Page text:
Dell Technologies also introduced a new Dell EMC X2 entry model for customers, at up to 55% lower cost than the previous generation. Designed with XtremIO’s unique metadata-centric architecture with full data services including inline data reduction (in-memory space-efficient copies, deduplication and compression), XtremIO can also achieve over “five nines” availability, offering customers enterprise-grade capabilities that start at midrange prices.

Dell EMC PowerEdge MX

Dell EMC will preview PowerEdge MX, a new modular infrastructure solution for the modern data centre. Designed with Dell EMC’s kinetic infrastructure, PowerEdge MX will enable customers to flexibly configure and optimise their IT infrastructure for new and emerging workloads.

Available in the second half of 2018, PowerEdge MX will bring new levels of flexibility to IT, ideal for dense virtualisation, software-defined storage and networking, network functions virtualisation (NFV) and big data analytic environments.

Availability

Dell EMC’s Modern Data Centre solutions PowerMax and XtremIO X2 with native replication, as well as VxBlock System 1000 with XtremIO X2, are available now. VxBlock System 1000 with PowerMax support will launch mid-year. Dell EMC PowerEdge MX has planned global availability for the second half of 2018.

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How to rob a bank in the 21st century

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In the early 1980s, South Africans were gripped by tales of the most infamous bank robbery gangs the country had ever known: The Stander Gang. The gang would boldly walk into banks, brandishing weapons, demand cash and simply disappear. These days, a criminal doesn’t even have to be in the same country as the bank he or she intends to rob. Cyber criminals are quite capable of emptying bank accounts without even stepping out of their own homes.

As we become more and more aware of cybersecurity and the breaches that can occur, we’ve become more vigilant. Criminals, however, are still going to follow the money and even though security may be beefed up in many organisations, hackers are going to go for the weakest links. This makes it quintessential for consumers and enterprises to stay one step ahead of the game.

“Not only do these cyber bank criminals get away with the cash, they also end up damaging an organisation’s reputation and the integrity of its infrastructure,” says Indi Siriniwasa, Vice President of Trend Micro, Sub-Saharan Africa. “And sometimes, these breaches mean they get away with more than just cash – they can make off with data and personal information as well.”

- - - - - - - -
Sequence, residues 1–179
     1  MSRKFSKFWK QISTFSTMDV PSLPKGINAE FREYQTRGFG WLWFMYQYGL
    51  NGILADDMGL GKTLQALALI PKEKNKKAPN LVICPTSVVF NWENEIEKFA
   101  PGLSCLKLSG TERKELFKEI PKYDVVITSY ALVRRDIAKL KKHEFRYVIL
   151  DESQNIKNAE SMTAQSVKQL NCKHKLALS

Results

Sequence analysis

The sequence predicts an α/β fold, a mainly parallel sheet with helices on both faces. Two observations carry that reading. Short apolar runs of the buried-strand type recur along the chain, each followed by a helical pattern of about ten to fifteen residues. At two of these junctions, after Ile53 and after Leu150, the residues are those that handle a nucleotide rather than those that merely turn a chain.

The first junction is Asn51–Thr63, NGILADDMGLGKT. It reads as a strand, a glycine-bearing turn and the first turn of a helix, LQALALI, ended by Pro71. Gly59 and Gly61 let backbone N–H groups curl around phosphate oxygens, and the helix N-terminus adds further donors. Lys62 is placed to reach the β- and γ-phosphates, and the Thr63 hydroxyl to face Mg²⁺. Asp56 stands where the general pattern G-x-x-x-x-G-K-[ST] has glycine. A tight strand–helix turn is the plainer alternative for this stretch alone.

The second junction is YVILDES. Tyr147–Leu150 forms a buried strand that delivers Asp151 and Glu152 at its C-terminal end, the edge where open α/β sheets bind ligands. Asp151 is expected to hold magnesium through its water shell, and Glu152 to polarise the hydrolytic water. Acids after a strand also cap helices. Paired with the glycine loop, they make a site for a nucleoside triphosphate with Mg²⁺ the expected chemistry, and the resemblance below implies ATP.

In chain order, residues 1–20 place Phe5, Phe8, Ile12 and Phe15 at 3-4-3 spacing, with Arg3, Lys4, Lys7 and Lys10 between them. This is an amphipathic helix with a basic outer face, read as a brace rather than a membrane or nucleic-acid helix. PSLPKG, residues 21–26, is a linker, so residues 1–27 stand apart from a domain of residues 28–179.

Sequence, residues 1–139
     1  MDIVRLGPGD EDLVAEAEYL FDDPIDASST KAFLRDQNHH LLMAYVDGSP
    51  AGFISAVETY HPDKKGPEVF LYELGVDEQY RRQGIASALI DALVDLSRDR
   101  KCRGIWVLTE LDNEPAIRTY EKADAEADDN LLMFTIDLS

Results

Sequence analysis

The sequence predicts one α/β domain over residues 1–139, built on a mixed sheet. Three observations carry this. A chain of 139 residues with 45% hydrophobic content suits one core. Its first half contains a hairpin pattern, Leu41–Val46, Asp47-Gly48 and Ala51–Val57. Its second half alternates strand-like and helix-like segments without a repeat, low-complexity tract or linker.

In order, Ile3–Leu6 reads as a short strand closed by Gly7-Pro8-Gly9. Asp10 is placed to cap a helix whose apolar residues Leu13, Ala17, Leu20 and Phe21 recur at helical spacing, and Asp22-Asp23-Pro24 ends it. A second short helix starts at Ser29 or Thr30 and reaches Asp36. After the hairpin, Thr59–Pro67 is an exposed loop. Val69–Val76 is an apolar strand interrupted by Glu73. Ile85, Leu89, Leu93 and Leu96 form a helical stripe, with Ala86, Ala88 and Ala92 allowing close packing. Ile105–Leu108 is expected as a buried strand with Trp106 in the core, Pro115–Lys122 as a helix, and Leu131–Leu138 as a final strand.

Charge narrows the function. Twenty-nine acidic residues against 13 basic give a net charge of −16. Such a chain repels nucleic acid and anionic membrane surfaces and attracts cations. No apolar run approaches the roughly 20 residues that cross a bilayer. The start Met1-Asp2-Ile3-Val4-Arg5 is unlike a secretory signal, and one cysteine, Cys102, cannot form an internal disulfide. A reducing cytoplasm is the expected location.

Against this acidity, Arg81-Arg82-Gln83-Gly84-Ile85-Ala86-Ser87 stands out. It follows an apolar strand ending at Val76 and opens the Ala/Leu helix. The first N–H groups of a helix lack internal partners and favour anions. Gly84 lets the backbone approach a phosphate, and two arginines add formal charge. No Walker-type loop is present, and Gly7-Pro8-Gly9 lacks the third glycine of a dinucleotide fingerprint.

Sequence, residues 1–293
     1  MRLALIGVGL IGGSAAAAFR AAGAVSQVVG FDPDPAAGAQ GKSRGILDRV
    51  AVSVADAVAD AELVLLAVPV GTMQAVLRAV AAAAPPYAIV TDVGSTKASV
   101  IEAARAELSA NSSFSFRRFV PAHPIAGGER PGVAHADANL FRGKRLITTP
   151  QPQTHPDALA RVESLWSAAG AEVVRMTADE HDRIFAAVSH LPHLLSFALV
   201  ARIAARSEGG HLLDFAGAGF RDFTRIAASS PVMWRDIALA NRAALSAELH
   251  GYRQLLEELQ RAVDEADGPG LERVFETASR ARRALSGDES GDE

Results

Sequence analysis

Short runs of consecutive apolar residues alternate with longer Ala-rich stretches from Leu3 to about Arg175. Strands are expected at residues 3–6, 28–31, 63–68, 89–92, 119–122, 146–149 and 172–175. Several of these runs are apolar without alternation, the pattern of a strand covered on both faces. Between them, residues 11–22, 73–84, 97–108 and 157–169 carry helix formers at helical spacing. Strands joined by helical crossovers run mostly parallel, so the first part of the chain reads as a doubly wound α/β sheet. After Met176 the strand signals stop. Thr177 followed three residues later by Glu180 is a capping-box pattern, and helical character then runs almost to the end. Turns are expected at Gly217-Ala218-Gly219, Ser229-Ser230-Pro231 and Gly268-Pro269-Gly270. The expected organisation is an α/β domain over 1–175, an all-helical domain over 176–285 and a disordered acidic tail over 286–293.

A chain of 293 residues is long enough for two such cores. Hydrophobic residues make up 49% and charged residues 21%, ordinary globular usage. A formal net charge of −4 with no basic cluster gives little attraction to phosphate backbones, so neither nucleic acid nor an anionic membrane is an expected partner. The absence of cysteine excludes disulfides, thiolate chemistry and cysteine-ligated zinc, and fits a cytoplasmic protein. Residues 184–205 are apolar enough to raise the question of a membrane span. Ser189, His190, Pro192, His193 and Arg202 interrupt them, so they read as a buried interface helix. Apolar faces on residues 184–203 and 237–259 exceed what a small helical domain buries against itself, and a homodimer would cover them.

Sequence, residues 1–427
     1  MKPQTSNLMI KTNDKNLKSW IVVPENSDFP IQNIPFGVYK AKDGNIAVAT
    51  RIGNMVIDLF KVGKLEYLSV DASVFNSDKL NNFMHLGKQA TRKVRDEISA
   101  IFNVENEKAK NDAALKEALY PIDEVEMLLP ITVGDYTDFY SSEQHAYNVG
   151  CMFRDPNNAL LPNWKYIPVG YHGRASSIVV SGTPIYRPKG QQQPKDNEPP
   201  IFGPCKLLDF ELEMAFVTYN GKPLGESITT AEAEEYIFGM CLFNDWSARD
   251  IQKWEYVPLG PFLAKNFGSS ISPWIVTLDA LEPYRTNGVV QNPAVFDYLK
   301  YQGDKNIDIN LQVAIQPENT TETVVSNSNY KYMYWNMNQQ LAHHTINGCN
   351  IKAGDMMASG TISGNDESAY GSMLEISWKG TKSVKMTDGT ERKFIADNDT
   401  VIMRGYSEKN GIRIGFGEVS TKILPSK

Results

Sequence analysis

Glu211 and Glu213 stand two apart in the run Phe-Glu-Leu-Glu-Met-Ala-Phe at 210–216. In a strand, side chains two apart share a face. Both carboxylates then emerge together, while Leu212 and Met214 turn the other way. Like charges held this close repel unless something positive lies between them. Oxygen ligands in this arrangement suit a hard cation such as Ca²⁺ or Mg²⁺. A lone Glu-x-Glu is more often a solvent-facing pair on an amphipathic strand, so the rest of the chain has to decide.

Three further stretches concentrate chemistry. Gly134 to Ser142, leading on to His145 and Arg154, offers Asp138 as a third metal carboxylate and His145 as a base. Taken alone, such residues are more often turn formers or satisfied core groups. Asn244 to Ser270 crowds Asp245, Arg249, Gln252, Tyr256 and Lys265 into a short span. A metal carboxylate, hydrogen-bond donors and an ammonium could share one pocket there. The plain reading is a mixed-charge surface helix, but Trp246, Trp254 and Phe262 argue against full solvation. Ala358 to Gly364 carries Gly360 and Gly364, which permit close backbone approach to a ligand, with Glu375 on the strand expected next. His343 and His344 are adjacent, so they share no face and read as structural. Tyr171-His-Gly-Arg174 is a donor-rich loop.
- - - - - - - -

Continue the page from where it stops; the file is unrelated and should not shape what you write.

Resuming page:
Because the cyber criminals operate outside bricks and mortar, going for the cash register or robbing the customers is not where their misdeeds end. Bank employees – from the tellers to the CEO – are all fair game.

But how do they do it? Taking money out of an account is not the only way to steal money. Cyber criminals can zero in on the bank’s infrastructure, or hack into payment systems and even payment documents. Part of a successful operation for them may also include hacking into telecommunications to gain access to one-time pins or mobile networks.

“It’s not just about hacking,” says Siriniwasa.. “It’s also about the hackers trying to get an ‘inside man’ in the bank who could help them or even using a person’s personal details to get a new SIM so that they can have access to OTPs. Of course, they also use the tried and tested method of phishing which continues to be exceptionally effective – despite the education in the market to thwart it.”

The amounts of malware and available attacks to gain access to bank funds is strikingly vast and varies from using web injection script, social engineering and even targeting internal networks as well as points of sale systems. If there is an internet connection and a system you can be assured that there is a cybercriminal trying to crack it. The impact on the bank itself is also massive, with reputations left in tatters and customers moving their business elsewhere.

“We see that cyber criminals use multi-faceted attacks,” says Siriniwasa. “This means that we need to come at security from multiple angles as well. Every single layer of an organisation’s online perimeter need to be secured. Threat isolation is exceptionally important and having security with intrusion protection is vital. Again, vigilance on the part of staff and customers also goes a long way to preventing attacks. These criminals might not carry guns like Andre Stander and his gang, but they are just as dangerous – in fact – probably more so.”

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Beaten by big data? AI is the answer